The result has been a smaller pool of income available to pay for nutrition, compounding the problems of a strained public sector. As Nobel-winning economist Amartya Sen showed in his landmark 1981 study on famine, most episodes of severe hunger are caused not by an absolute shortage of food, but by the price of food rising beyond the capacity of the poorest members of society to pay for it.
Those problems are compounded by conflict, still the most important cause of hunger worldwide. War and unrest can choke off supply chains, crash currencies, destroy jobs and raise prices all at once. The war in Ukraine is only the latest instance of such breakdowns. The number of people displaced by strife, a decent proxy for the global human toll of unrest, in late 2021 hit its highest level since records began, according to the United Nations High Commissioner for Refugees — up 8% from a year earlier, and double its level a decade ago.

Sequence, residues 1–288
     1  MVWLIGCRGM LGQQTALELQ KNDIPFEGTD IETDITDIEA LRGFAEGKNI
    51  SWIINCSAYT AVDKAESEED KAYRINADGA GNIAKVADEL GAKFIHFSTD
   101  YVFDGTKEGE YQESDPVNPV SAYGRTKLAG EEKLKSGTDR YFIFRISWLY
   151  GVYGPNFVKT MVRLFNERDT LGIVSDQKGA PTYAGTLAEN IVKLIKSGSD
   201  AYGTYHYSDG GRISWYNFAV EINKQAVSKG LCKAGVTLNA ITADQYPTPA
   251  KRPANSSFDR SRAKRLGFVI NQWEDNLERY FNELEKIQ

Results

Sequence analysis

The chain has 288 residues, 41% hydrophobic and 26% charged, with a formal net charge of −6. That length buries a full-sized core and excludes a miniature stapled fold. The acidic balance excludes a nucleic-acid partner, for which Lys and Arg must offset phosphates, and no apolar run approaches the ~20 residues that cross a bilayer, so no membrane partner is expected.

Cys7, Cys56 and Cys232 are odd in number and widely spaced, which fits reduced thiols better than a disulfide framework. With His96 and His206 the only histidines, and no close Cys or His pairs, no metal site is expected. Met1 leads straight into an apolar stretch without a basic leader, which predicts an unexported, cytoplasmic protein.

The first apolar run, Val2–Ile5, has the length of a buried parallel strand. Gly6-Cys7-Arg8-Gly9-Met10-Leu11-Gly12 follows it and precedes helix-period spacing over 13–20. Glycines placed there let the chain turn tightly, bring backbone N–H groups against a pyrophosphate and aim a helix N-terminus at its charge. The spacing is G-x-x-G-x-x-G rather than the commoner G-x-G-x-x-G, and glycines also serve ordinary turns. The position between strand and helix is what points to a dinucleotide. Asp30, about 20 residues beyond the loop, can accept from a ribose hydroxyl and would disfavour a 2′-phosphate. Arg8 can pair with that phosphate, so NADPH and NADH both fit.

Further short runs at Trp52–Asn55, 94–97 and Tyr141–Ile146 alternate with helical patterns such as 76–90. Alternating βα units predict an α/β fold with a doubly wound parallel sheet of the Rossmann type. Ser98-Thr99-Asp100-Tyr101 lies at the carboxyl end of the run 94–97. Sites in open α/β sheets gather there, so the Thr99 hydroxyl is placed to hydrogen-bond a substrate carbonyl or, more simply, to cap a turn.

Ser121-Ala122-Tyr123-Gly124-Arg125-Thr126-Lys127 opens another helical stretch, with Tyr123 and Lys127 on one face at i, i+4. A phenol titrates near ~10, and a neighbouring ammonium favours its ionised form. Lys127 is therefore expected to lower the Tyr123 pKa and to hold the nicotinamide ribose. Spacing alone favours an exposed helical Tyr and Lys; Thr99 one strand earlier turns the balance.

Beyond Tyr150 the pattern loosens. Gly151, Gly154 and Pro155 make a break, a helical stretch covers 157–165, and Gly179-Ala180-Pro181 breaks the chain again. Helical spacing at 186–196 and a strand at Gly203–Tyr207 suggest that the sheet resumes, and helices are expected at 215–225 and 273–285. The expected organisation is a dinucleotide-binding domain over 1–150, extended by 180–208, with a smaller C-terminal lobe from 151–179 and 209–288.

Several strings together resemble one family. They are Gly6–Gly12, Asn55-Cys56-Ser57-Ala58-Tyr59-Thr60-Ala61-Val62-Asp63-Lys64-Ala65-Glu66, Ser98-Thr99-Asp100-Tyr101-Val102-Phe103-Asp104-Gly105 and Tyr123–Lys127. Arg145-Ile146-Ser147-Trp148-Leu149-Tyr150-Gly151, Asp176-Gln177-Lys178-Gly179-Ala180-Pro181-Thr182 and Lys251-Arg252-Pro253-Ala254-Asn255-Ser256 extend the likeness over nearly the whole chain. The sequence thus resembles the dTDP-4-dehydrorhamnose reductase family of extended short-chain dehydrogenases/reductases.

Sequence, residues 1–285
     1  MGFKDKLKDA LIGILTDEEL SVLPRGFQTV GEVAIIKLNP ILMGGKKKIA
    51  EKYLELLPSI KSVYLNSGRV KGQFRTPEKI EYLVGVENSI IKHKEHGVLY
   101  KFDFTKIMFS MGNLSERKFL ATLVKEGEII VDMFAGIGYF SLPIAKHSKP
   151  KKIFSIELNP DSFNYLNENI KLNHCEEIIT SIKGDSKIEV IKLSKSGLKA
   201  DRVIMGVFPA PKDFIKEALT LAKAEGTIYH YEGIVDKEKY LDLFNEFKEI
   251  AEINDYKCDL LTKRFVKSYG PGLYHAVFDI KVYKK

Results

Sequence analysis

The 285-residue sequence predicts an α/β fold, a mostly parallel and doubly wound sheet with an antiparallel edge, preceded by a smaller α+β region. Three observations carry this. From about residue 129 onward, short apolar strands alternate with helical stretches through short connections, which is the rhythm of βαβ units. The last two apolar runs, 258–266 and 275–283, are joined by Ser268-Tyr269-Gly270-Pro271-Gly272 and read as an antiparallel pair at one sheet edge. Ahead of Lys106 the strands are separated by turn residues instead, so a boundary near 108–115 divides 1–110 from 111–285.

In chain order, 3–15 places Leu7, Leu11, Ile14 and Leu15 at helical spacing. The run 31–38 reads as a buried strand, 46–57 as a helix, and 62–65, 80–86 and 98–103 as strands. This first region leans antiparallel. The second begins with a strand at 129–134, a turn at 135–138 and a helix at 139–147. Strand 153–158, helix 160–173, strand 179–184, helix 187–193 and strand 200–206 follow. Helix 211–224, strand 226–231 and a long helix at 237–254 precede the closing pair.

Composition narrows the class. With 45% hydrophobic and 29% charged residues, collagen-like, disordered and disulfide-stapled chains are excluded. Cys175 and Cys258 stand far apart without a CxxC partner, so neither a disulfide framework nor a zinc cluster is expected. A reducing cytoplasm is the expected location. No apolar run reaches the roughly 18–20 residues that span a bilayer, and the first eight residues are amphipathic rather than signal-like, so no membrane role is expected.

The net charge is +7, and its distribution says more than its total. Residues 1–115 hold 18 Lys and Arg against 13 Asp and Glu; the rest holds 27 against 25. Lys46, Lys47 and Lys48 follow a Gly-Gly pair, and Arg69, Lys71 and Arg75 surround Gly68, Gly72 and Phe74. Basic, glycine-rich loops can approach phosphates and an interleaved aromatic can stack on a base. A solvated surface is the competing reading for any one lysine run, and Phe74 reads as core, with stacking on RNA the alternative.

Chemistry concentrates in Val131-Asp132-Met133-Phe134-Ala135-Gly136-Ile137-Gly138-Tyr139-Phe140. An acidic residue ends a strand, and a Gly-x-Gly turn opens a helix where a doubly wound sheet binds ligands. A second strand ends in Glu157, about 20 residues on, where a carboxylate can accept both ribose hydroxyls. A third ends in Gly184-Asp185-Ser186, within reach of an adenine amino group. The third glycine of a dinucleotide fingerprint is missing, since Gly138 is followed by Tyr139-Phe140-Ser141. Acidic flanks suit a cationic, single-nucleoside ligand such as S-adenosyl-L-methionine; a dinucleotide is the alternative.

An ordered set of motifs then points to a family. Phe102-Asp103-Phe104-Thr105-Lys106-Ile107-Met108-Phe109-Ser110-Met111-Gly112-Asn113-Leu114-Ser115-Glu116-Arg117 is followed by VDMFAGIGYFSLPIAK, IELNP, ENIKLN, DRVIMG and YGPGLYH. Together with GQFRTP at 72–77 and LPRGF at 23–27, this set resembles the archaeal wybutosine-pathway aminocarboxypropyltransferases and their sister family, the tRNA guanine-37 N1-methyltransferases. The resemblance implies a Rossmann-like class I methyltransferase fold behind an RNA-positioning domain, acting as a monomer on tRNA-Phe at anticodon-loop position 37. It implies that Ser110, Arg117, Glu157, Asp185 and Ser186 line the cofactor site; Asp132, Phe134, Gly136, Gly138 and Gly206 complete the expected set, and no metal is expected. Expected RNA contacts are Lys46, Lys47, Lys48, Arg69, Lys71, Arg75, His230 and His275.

Finally, there’s the impact of climate and weather disasters to consider. For people in low-income countries most at risk of starvation, the prices of global commodities are often almost irrelevant, because they lack the cash or the supply connections to buy from international markets.
Indeed, in parts of the world dependent on exports of cash crops such as palm oil, cocoa, or coffee, falling food prices are as likely to cause problems as rising ones by choking off incomes for farmers. That makes floods like those that swept through Pakistan last week, or drought like the one that’s ravaged eastern Africa in recent years, as much of a threat as geopolitics.
Falling food prices, should they be sustained, may at least provide some relief for the world’s 768 million undernourished people. They won’t be enough to turn the tide on four years of rising food insecurity. To do that, the world needs to address deeper-seated problems, from the long-run impact of Covid-19, to the persistent effects of inequality, war and conflict.
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